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What My 9-Year Old Can Teach You About Career Development

Liz Brenner

career developmentLast summer, my daughter and I attended Take Your Child To Work Day in my office. I’m very lucky – my company goes all out and makes the day really special for the kids with a full agenda from breakfast to an afternoon ice cream social.

When we arrived in the café for breakfast, Sophie was awestruck – not because of the beautiful campus, the spread of delicious food, or the hundreds of children – but because of the enormous white and blue balloon centerpieces on each table.

“Mom, check those out. Do you think we can bring one home with us?” asked Sophie.

“Absolutely not- those are for decoration only.” I said in my best “don’t even think about it” voice and we went on to enjoy our breakfast.

Later, I returned to the cafeteria to meet up with Sophie for our ice cream social. I was immediately pulled aside by one of the program leads, “we just enjoyed your daughter so much today – she was enthusiastic, asked great questions, and she was so determined to get one of those centerpieces. She wouldn’t take no for an answer so we gave in.”

I was speechless….not only did she get what she was after, but she started a small revolution in the process since there was only a handful of balloons for hundreds of kids. Shortly after, I saw Sophie approaching me with the balloons and I couldn’t help but smile thinking about what I like to call her passionate “spirit of asking.”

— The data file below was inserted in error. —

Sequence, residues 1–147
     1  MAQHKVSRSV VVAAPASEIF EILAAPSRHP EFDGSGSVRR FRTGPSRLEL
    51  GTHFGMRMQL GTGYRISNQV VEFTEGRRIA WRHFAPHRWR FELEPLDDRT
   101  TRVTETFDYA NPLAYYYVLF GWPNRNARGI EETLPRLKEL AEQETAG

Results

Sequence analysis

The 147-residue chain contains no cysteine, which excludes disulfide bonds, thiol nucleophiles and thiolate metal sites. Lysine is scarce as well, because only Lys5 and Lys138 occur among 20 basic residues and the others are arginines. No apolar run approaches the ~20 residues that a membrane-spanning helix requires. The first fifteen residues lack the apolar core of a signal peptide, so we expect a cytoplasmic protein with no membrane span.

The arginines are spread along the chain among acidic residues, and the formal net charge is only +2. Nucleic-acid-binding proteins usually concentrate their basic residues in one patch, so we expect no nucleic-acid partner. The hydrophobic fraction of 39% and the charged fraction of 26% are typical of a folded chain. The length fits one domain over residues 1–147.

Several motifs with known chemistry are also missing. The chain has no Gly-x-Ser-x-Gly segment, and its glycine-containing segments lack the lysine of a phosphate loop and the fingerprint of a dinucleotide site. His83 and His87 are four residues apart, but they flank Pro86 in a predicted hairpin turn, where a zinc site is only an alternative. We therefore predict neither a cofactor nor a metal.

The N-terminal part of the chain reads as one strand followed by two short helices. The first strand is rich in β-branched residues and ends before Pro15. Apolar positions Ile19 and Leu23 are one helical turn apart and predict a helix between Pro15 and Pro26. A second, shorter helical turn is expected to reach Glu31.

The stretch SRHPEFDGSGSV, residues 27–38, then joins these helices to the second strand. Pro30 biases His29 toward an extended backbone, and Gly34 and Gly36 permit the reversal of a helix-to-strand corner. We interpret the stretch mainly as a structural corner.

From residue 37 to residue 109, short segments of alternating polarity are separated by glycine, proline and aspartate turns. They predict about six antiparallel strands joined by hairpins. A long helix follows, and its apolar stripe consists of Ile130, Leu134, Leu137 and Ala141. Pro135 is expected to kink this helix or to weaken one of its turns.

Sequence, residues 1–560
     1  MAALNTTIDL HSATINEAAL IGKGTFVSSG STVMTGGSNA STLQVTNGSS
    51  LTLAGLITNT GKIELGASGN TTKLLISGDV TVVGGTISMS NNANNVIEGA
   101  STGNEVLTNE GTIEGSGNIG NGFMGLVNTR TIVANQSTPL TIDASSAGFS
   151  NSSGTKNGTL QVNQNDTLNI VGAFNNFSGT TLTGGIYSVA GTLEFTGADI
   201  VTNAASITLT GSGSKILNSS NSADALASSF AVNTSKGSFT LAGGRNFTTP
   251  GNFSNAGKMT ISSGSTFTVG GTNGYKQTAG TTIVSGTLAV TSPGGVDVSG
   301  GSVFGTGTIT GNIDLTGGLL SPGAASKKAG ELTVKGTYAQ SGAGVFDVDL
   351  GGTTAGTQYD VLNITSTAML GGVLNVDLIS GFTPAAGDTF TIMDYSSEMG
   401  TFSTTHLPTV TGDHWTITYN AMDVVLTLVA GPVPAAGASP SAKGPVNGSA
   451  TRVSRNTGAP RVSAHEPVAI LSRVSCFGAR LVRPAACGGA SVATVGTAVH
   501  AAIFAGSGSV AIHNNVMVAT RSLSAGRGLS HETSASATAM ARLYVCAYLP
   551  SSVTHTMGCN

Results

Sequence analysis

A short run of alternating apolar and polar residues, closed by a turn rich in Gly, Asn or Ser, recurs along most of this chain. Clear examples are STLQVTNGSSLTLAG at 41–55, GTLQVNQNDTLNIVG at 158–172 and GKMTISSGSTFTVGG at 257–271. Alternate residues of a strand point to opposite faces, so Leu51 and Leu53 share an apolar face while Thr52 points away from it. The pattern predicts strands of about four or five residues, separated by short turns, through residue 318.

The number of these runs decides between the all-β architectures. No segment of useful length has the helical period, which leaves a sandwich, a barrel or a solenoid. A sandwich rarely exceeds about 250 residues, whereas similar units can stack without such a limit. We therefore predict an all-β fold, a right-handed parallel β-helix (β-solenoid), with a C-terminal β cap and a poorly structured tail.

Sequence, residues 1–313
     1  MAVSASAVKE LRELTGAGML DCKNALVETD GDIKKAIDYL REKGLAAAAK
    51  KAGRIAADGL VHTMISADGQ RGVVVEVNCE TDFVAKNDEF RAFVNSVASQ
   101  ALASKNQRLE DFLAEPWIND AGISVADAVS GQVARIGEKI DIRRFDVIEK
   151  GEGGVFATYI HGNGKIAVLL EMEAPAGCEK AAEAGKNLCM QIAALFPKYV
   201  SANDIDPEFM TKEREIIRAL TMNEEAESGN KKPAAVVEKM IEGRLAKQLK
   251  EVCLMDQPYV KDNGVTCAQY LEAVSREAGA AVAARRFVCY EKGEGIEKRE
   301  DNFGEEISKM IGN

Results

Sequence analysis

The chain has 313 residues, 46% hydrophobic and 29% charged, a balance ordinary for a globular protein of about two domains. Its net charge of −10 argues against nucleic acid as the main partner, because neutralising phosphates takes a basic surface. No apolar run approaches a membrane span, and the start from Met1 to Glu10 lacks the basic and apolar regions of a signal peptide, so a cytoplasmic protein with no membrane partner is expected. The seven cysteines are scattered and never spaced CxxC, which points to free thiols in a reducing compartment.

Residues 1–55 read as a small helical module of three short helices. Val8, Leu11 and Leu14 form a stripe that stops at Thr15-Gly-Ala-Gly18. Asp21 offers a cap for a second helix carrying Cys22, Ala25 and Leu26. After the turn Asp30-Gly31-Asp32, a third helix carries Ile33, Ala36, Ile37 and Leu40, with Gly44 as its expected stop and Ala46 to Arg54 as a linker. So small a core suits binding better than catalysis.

There are so many ways we can apply this same “passion” to our work life.  Very early on in my career, I used to think that my hard work would be instantly recognized and promotions, raises, opportunities would appear for me. It took a few hard lessons to realize I was way off.

We need to be proactive about sharing our successes and assertive about asking for the things that we want, need, and deserve. I can remember a discussion with my manager when I asked for a raise. Her response? Before we talk about the raise part, let me say that I respect the fact that you asked because most people don’t.

So, for 2013, I want to encourage everyone to take a page from Sophie’s book and start ASKING. If you aren’t convinced yet, I’ve created a pros and cons list to help you think this through:

Isn’t the answer clear? As I drove home from Take your Child to Work Day, my visibility obstructed by a huge white balloon, I could only think that Sophie’s tenacious, relentless “spirit of asking” is a huge asset.

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